This is a combo post of what I read last week and what I plan on reading this coming week.
As I stated last week, I was determined to finish David Mitchell’s The Bone Clocks and I did and you can read my review here: My review of The Bone Clocks. Briefly I’ll tell you that I liked this book…for the most part.
I’m still reading The Spider and the Stone by Glen Craney. I’m sorry to say that it’s a slow go on this book but I am still reserving giving an opinion because I’m not far enough into the book to have one.
Trying to get into the spirit of Halloween, I read Grady Hendix’s Horrorstor. I’m definitely going to be writing a full review of this book this week, so no spoilers on that here.
Last of my “read” pile is Every Day by David Levithan. This was my first David Levithan novel and I read it all in one day if that’s any indication of how much I liked it. Not only did I love the story for itself, but I loved that it took me out of my comfort zone. More on that in a full review to come.
This week, I plan on reading more of The Spider and the Stone. I really need to make a concerted effort to get into the meat of this book. I also started Fangirl by Rainbow Rowell and I plan on starting Festive in Death by J.D. Robb and/or we were liars by E. Lockhart. Like I said in my TBR Pressures post, I don’t like to commit myself too heavily on what I plan on reading. I usually let my mood decide what I am going to pluck off of my bookshelves at the time I’m looking for something to read. That being said, I’ve really been looking forward to both of the above books so it’s a pretty good bet that I’ll read one or the other or both this week.
I’ll make this an introduction of sorts. I’m Trisha. I’m a 30’something mom to two teenagers, one dog, and three cats. I’m very happily married going on 19 years. I’m turning into a lifetime student, even though that isn’t my intention. I’ve been attending college off and on since 2004. I’m currently attending Kent State University, long distance, studying to get my Masters Degree in Library and Information Science. I’m specializing in museum studies, hoping that I will be able to land a job in a history museum someday. I’m also one of those really annoying Americans that can’t get enough of all things European. Well, mostly British and Scottish history with some French Revolutionary history thrown in for good measure. My ultimate dream job would be to work in a castle or historical manor home as a museum curator in the UK somewhere.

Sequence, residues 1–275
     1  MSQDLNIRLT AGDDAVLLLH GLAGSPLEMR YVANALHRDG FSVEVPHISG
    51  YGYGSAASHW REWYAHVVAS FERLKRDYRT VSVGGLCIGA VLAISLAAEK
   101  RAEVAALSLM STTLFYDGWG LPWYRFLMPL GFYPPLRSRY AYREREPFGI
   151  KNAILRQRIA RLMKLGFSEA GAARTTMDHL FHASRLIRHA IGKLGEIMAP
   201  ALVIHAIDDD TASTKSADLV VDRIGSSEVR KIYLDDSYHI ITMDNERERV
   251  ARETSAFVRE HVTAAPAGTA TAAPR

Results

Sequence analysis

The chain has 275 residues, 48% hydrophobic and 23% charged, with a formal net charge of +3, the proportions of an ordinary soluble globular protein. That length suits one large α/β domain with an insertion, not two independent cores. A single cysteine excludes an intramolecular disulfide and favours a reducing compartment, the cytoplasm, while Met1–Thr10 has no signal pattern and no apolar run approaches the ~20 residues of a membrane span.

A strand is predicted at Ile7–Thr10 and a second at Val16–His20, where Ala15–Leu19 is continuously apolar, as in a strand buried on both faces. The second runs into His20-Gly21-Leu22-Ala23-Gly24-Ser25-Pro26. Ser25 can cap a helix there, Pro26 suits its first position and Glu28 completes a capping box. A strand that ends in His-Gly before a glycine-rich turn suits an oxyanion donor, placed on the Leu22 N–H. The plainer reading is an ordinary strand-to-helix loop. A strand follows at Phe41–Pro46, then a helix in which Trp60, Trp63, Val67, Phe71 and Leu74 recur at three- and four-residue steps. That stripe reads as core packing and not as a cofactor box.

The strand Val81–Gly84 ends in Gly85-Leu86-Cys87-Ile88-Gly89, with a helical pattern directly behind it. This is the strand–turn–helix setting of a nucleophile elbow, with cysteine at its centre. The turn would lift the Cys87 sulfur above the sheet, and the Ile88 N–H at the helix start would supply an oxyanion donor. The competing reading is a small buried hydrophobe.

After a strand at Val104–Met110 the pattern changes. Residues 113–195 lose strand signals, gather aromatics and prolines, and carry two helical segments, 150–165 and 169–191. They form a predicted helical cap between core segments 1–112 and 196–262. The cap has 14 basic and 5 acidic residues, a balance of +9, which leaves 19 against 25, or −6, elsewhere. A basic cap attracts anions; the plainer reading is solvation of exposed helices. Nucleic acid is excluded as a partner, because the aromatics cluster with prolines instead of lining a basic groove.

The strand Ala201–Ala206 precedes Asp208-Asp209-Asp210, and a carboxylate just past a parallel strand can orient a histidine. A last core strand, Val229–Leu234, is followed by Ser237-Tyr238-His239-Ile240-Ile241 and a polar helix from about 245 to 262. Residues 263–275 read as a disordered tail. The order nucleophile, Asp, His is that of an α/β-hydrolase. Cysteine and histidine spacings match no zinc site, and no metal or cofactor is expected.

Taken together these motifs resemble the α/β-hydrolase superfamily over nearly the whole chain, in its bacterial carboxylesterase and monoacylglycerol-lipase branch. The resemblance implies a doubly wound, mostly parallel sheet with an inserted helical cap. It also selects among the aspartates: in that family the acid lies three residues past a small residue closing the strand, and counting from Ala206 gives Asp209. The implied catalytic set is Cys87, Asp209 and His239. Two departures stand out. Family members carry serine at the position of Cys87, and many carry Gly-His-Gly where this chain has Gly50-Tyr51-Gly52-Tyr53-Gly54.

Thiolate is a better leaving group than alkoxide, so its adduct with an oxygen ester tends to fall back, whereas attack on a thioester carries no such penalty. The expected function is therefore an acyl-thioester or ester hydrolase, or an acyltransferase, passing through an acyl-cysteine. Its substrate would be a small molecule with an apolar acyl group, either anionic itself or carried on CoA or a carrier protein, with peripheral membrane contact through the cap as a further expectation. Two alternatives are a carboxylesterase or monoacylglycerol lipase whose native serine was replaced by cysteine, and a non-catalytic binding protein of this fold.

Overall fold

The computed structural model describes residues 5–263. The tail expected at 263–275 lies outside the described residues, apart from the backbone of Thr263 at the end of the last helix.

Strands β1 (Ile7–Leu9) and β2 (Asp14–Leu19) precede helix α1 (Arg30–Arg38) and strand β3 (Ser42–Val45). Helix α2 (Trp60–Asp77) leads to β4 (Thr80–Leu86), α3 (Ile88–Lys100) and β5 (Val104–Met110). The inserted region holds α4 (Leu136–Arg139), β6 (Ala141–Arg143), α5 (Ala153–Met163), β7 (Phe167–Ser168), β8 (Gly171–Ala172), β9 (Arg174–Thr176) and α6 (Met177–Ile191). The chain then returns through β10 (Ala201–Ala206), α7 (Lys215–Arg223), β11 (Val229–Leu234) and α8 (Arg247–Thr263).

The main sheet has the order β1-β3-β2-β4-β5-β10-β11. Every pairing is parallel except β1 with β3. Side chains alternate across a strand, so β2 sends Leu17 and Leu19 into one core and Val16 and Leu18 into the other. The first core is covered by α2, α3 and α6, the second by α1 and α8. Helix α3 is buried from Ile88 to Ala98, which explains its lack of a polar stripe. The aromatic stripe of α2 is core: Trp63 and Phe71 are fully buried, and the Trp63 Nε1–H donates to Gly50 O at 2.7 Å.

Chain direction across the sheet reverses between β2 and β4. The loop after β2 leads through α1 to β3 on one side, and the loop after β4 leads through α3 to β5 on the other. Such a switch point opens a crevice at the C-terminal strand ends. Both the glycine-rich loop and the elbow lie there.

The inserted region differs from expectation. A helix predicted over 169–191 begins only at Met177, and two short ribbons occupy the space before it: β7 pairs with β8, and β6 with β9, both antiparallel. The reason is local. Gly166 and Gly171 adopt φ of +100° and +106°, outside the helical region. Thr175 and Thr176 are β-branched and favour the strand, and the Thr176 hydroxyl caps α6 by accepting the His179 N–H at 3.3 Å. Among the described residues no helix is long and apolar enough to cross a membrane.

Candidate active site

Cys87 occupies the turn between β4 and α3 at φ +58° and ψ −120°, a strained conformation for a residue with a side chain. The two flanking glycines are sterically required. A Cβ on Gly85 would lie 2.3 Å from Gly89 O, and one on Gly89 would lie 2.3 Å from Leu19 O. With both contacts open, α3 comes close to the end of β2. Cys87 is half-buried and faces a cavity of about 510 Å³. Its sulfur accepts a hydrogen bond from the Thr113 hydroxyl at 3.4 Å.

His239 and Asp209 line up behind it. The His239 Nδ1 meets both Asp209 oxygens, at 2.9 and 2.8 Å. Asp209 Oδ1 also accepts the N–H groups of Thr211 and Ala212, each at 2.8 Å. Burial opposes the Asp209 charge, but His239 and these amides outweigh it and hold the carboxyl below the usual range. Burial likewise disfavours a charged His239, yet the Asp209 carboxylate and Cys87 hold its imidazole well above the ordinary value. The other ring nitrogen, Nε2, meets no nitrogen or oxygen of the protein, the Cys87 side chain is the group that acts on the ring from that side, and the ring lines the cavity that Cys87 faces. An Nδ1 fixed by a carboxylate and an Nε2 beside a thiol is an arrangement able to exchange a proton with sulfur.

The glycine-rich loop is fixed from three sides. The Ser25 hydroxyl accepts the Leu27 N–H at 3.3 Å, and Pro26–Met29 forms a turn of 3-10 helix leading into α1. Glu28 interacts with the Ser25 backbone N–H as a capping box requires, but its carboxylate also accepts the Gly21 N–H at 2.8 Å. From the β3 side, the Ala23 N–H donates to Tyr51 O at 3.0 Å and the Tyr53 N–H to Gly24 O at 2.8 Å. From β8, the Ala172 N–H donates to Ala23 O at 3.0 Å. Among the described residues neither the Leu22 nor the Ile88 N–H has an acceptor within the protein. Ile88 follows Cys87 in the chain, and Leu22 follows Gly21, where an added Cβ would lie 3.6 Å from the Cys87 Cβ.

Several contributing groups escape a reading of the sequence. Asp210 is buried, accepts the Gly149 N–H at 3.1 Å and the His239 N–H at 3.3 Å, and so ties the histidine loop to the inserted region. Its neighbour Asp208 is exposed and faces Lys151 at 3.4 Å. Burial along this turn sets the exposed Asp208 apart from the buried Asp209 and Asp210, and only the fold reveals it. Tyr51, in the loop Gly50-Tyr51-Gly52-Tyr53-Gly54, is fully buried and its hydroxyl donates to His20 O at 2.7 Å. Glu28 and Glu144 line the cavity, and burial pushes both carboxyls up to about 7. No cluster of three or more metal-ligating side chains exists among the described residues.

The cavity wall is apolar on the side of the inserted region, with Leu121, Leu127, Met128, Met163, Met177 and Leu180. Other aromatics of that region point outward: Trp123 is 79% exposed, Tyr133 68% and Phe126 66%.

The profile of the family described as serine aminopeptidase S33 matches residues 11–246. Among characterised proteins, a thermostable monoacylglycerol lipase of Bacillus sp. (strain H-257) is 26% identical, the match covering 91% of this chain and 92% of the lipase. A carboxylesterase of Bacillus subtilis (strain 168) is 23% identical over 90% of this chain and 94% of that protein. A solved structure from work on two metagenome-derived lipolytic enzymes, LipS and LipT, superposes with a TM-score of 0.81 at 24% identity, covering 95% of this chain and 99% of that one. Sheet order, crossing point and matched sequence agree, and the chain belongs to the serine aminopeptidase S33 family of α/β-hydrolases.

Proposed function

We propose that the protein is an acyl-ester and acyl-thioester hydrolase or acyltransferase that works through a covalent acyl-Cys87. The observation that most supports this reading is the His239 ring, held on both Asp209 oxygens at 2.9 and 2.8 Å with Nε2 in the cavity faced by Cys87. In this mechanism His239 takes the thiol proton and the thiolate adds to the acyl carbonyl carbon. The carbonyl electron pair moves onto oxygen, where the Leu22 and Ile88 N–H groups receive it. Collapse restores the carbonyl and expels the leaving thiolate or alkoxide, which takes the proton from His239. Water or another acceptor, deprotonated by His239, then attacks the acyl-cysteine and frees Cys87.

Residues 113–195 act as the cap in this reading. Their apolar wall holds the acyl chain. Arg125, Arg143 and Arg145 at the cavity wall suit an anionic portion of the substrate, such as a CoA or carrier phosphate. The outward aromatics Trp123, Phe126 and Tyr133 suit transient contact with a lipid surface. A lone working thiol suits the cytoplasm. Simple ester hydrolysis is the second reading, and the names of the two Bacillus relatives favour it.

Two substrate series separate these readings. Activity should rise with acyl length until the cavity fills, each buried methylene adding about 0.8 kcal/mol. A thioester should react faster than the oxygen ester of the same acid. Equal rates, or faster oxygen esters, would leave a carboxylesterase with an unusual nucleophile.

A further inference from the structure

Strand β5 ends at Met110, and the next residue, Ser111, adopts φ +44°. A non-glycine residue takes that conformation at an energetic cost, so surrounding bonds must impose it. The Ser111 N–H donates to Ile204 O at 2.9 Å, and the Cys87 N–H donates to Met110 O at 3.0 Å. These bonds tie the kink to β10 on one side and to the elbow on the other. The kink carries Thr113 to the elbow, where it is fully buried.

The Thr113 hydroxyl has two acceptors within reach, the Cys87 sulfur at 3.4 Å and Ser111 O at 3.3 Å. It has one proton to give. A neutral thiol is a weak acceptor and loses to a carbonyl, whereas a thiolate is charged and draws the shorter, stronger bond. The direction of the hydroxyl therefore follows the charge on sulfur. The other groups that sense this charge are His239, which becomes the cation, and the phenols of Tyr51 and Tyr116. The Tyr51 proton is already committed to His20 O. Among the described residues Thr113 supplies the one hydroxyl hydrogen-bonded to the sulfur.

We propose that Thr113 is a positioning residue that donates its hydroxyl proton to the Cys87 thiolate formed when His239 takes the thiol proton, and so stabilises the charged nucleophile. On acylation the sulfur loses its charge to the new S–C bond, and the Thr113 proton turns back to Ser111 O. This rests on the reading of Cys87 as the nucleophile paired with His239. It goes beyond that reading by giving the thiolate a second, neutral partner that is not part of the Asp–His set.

On top of being a bibliophile, anglophile, and francophile, I’m also a crazy cat lady. I have three cats, Leo, Winnie, and Bean (short for NillaBean). I want more cats but my husband is doing his best to keep me from being the neighborhood kook.
We live on Florida’s Gulf coast aka the Redneck Riviera. Our home flooded back on April 30 during that supposed “historic” rain storm that hit us. So far, no hurricanes though. ::knock wood:: I drink lotsa coffee and tea down here. In the air conditioning, of course. Oh. And wine. Don’t forget the wine.
My plan here is to review books, post pictures of books, post book, author, and publishing news, and network with other book bloggers. I’m also entertaining the idea of linking with a booktube but I haven’t been able to push myself to that yet. I am one of those people that prefer to be behind the camera and not in the picture. I actually worry that if I die suddenly, my kids won’t have enough pictures to remember me by, lol.
I hope that other book bloggers will network with me here and everywhere else that I can be found on the interwebs (see the About Me page).